Mangan posted details about the case anyway in his own Internet blog. The Austrian court fined him $185,000 for violating the injunction.

And the Vienna police, who are conducting a criminal investigation into the matter, searched the family’s apartment for four hours, downloading files from Mangan’s computer as his children watched.

Boxes of documents detailing his allegations clutter the living room, but Mangan can’t show the material or talk about the case -- at least in Austria.

To discuss his case with The Times, Mangan took a five-hour train ride to Munich, Germany, where the gag order doesn’t apply. “I don’t want to destroy TTTech,” he said. “But I still get nightmares of people dying. I just can’t let that happen.”

To help pay living expenses and legal fees, Mangan sold his house in Kansas. With only about $300 left in his bank account, Mangan missed a Sept. 8 deadline to pay his $185,000 fine and faces up to a year in jail. Next month he’s likely to be called before a judge on his criminal case.

The family expected to be evicted this month from their apartment, but their church in Vienna took up a collection to pay their rent.

At the moment, Mangan is hiding out at a church member’s home because he fears he could be arrested at any time.

Mangan’s wife, Diana, has been reading a book, “Lord, Where Are You When Bad Things Happen?” to make sense of the family’s ordeal. “He’s trying to do the right thing. Why are we suffering for it?” she said.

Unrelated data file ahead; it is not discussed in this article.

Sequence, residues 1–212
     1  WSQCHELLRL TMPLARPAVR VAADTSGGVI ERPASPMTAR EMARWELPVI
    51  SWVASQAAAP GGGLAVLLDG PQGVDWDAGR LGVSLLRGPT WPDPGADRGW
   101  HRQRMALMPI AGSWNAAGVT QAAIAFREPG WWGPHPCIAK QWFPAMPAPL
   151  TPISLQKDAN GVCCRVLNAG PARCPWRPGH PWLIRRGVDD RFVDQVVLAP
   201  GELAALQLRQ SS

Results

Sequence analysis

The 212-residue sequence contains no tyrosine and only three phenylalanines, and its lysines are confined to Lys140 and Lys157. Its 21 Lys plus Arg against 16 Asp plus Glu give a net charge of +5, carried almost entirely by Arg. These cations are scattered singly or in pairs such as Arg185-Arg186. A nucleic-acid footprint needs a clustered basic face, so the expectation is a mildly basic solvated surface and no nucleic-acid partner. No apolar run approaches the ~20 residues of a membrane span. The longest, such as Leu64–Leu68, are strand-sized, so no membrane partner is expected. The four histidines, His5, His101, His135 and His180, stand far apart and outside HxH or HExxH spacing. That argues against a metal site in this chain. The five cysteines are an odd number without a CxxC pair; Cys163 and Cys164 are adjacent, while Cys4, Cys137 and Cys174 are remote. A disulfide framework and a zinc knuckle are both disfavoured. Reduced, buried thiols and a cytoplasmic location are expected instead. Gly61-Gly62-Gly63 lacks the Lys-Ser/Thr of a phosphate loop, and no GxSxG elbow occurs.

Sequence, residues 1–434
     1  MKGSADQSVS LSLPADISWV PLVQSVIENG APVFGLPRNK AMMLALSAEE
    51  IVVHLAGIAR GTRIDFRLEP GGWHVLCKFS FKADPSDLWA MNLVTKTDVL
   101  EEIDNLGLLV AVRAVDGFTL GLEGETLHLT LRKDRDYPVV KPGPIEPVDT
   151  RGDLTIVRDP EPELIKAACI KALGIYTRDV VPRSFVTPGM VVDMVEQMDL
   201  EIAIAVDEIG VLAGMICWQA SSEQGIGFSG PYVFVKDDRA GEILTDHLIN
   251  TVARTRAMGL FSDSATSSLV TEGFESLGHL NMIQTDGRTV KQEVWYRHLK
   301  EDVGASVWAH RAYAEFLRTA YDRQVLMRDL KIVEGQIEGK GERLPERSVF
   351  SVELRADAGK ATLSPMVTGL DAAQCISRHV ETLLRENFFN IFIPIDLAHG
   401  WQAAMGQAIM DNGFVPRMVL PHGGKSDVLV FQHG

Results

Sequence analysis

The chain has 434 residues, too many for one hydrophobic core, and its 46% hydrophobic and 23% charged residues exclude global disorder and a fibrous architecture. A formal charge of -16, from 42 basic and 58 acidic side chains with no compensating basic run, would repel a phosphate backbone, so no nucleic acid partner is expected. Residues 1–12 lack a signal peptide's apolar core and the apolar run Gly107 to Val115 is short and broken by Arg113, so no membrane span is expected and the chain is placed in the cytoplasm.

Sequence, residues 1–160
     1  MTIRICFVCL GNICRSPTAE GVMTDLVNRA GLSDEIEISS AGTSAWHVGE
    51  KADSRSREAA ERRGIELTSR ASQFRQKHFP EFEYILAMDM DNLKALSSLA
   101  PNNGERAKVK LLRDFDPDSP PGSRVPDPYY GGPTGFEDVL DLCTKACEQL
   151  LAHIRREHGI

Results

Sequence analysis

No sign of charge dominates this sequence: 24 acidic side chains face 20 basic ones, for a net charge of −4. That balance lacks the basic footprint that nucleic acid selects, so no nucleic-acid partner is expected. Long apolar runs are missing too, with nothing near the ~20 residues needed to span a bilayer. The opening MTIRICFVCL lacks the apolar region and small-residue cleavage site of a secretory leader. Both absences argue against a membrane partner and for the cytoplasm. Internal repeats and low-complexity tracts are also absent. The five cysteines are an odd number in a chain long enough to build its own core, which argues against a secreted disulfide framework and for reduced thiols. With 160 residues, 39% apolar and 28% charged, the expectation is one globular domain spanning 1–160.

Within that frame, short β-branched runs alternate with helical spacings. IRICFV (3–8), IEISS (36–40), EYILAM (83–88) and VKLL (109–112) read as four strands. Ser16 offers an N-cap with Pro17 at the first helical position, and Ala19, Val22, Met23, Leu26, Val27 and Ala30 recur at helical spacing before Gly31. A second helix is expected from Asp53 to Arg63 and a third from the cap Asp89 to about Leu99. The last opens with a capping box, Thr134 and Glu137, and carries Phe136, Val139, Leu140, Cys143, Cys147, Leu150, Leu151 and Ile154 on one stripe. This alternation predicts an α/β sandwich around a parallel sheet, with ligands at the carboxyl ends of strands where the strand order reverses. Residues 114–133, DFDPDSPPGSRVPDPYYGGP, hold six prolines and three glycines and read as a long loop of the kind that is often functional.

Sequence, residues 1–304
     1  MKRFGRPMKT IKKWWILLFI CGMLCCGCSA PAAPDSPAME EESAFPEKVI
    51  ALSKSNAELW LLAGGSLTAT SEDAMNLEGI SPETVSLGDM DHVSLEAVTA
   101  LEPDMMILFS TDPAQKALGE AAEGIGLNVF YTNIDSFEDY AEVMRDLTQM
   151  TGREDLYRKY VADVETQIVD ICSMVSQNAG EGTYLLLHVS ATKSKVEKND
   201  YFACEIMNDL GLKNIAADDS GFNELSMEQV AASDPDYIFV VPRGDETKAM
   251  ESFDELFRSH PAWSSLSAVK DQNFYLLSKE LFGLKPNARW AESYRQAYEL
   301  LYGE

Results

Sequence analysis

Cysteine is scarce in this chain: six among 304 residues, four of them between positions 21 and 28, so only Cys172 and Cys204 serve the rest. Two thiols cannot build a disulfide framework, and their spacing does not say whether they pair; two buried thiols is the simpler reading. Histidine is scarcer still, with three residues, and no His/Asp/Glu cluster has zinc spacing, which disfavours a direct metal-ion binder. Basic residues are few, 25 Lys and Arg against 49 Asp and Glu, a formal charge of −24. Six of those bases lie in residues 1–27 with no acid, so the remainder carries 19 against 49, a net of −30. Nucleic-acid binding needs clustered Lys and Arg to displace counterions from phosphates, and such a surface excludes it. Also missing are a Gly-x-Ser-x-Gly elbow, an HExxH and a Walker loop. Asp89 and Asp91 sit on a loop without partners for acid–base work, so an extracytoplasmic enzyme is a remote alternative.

On both sides of the Atlantic, Mangan’s case has raised eyebrows in the close-knit aerospace community, which is fascinated by his allegations but unclear about how serious they are.

Hans Weber, a veteran aviation consultant in San Diego, can’t say whether Mangan has a legitimate claim because he hasn’t seen the evidence. But he is baffled by the extent to which Airbus and TTTech have “gone after” Mangan.

“There is something really unusual about this case in the sense that there is this hard standoff between Airbus and the individual,” Weber said. “It doesn’t make any sense to me.”

One of Mangan’s key allegations is that because of the A380’s unusual design, any loss of cabin pressure would be extremely dangerous.

Most passenger jets have two cabin-pressure valves, with separate motors operating each. Because aircraft makers want redundancy on safety systems, the planes have three motors for each valve, with different chips controlling each motor. The Boeing 777, for example, has cabin-pressure chips made by Motorola Inc., Intel Corp. and Advanced Micro Devices Inc. Most jetliners also have a manual override so that the pilot can take control in an emergency.